Discover
learn. create. do.

5 Board Games That Will Help You Take More Risks

by Lauren Hoffman
creativity

how to take more risks

Image via Flickr

There’s no way around it — taking risks is a scary thing to do. And while scary things often get easier with practice, it’s not necessarily to take huge risks on a regular basis. (Although more power to you if you figure out a way to try!) Still, there are small ways to take more risks in a fun, low stakes way.

By playing board games that require small-scale risk, you can condition yourself to accepting both reward and failure without the stress (or life upheval!) that larger risks can bring. Here are five board games that will strengthen your risk taking muscles and make you a tiny bit more fearless, all while having fun in the process. Grab a few friends and get your risk on.

Zombie Dice

Zombie Dice is the perfect game for beginners. In this dice-rolling game, you’re a hungry zombie, pushing your luck to roll more delicious brains without rolling the shotgun blasts that will end your life. As you play, you’ll have opportunities to re-roll that could get you closer to your ultimate goal of 13 brains (first player there wins!) or that could end your life entirely. It’s fun, fast, and literally rolling the dice within the parameters of the game will help you to figuratively roll the dice in your own life. Bonus: check out Wil Wheaton and the Tabletop gang playing Zombie Dice (and two other games!) here.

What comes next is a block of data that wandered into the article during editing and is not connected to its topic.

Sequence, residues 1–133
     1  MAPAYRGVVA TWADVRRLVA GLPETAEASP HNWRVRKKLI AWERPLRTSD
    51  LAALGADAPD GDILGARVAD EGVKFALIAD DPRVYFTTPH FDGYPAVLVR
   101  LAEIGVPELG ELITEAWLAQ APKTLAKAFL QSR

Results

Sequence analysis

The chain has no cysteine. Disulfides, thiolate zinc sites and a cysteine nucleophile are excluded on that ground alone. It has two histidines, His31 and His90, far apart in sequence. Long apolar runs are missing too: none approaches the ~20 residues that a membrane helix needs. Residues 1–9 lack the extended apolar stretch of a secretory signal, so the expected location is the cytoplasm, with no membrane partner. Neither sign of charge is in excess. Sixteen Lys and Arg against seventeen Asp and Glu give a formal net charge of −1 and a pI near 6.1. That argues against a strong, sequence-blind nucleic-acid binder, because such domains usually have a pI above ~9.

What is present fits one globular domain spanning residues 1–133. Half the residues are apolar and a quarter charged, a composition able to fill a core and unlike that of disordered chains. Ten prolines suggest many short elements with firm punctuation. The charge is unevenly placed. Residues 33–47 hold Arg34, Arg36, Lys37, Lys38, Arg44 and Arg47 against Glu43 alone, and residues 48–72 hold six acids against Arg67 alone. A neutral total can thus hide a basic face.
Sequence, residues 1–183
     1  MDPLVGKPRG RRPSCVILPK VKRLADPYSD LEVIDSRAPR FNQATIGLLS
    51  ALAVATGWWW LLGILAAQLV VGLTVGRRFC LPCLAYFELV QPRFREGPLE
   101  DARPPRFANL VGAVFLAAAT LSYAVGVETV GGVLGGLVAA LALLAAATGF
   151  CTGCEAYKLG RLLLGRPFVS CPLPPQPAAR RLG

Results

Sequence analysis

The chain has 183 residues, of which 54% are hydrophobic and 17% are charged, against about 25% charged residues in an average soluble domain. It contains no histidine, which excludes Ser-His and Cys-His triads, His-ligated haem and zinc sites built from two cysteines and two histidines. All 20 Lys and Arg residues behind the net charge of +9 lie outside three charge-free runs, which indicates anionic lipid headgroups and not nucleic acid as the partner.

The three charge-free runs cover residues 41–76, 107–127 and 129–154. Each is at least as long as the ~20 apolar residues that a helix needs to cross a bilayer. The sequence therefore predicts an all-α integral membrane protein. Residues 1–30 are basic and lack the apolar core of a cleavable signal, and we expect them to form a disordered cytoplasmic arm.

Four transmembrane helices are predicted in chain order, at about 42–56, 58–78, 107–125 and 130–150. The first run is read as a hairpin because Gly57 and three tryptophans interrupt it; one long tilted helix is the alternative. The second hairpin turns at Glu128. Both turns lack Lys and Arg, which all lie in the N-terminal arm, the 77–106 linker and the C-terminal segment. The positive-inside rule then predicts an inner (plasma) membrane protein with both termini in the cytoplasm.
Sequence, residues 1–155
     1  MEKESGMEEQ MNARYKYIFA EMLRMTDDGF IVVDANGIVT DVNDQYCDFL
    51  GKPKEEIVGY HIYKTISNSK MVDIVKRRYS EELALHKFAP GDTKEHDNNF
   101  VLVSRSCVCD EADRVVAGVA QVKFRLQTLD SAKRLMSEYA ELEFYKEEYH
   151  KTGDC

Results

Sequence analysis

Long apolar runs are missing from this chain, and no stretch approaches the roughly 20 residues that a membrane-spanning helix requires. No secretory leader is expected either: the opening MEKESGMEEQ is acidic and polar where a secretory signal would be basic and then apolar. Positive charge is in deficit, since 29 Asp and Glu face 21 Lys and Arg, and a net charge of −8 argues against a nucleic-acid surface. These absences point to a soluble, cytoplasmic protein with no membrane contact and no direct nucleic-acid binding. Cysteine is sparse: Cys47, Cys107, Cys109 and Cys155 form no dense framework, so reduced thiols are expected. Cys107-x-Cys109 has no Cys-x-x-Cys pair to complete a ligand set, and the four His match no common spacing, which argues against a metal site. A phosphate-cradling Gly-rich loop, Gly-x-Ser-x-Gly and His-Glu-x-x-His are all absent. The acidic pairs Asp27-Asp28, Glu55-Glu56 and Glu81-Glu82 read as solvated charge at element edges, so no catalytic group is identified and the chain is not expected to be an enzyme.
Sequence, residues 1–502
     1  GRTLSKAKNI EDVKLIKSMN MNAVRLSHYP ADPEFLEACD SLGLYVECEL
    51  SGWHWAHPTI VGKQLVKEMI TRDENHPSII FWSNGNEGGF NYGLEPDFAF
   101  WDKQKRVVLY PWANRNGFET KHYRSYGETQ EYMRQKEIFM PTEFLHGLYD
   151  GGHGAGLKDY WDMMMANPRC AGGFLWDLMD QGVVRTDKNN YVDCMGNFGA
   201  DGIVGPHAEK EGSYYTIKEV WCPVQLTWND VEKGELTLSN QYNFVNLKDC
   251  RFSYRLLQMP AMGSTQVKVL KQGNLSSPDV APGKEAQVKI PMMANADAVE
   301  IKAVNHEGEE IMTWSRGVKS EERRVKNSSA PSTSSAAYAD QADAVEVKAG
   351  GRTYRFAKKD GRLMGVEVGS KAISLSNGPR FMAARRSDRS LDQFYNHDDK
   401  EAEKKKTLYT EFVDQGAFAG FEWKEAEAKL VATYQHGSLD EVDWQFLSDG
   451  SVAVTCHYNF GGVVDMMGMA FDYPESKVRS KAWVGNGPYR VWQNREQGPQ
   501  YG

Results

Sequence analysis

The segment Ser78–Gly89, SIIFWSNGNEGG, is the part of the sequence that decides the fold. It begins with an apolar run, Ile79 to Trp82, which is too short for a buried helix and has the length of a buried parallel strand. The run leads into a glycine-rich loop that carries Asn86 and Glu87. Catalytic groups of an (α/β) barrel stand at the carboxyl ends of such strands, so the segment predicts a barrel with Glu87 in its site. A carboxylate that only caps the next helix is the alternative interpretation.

Incan Gold

When you play Incan Gold, you and your opponents are competing to win the most treasure from an old Incan temple. On each turn, you’ll flex your risk-taking muscles by deciding whether to stay in the cave to win more treasure. The longer you stay (and the sooner your competitors leave), the more jewels you stand to win, but you’ll risk mounting threats from hazards like spiders or mummies that will wipe out your store of treasure. It’s a tense game, which makes it a great way to build risk tolerance. And what’s not to love about a game that comes with tiny tents for hoarding your treasures and an actual sack full of (plastic) gems?

For Sale

While real estate bidding might not sound like the most enjoyable premise for a game, For Sale is a surprisingly fun way to shore up your tolerance for financial risk. In the game’s first round, you’ll buy up properties; in the second, you’ll put those properties up for auction. Deciding whether to buy and sell conservatively or without fear will help have you mitigating your real-life financial risk like a pro in no time. Plus, if you buy or sell poorly, you can console yourself with the tiny baby animals hidden in each of the game’s cards.

Ticket to Ride

While Ticket to Ride (and its accompanying suite of expansion packs and spin-off games) isn’t a “push your luck” game in the traditional sense, it offers plenty of opportunities to weigh risk against reward. As you build train routes across 1900s America, you’ll be faced with choices about whether to focus your attention on connecting cities or on making the longest train route possible. Who hasn’t wanted to spend a pleasant couple of hours with friends pretending to be railroad barons? Check out Wil Wheaton and the Tabletop Games crew playing Ticket to ride here.

Can’t Stop

Can’t Stop is an extremely simple dice game — the gimmick behind it starts and stops with the fact that the board game is shaped like a stop sign — but don’t let the basic premise fool you. It’s deceptively fun, and a good way to work on pressing through risk to reward. On each turn, you’ll roll dice, arrange them in pairs, and try to move your markers to designated spaces before your opponents do. (Seriously, it’s way more fun than it sounds.) Once you play, you’ll see why it’s been a classic for so long (the game was out of print for years until public demand finally got it reissued).

 

Tags: , , , ,

Related Classes

Related Articles

Comments

Lauren Hoffman

Lauren Hoffman lives and writes in Seattle, Washington. By day, she’s a freelance writer and editor; by night, she’s at work completing a book-length non-fiction project, Up High Down Low.